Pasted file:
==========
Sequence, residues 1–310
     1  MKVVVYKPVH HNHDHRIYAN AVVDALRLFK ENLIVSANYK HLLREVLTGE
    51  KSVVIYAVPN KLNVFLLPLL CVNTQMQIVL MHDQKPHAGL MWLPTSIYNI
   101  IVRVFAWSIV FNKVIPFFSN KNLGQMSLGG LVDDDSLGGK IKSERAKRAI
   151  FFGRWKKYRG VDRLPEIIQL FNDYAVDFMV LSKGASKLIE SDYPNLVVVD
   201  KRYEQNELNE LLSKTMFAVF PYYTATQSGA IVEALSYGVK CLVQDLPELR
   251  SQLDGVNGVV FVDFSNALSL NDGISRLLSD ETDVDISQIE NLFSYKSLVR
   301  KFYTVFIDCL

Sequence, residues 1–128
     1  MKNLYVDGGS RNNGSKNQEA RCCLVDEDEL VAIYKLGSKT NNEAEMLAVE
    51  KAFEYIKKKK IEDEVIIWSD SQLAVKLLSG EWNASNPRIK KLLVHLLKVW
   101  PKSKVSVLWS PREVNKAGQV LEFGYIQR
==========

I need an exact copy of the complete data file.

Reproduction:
Sequence, residues 1–310
     1  MKVVVYKPVH HNHDHRIYAN AVVDALRLFK ENLIVSANYK HLLREVLTGE
    51  KSVVIYAVPN KLNVFLLPLL CVNTQMQIVL MHDQKPHAGL MWLPTSIYNI
   101  IVRVFAWSIV FNKVIPFFSN KNLGQMSLGG LVDDDSLGGK IKSERAKRAI
   151  FFGRWKKYRG VDRLPEIIQL FNDYAVDFMV LSKGASKLIE SDYPNLVVVD
   201  KRYEQNELNE LLSKTMFAVF PYYTATQSGA IVEALSYGVK CLVQDLPELR
   251  SQLDGVNGVV FVDFSNALSL NDGISRLLSD ETDVDISQIE NLFSYKSLVR
   301  KFYTVFIDCL

Sequence, residues 1–128
     1  MKNLYVDGGS RNNGSKNQEA RCCLVDEDEL VAIYKLGSKT NNEAEMLAVE
    51  KAFEYIKKKK IEDEVIIWSD SQLAVKLLSG EWNASNPRIK KLLVHLLKVW
   101  PKSKVSVLWS PREVNKAGQV LEFGYIQR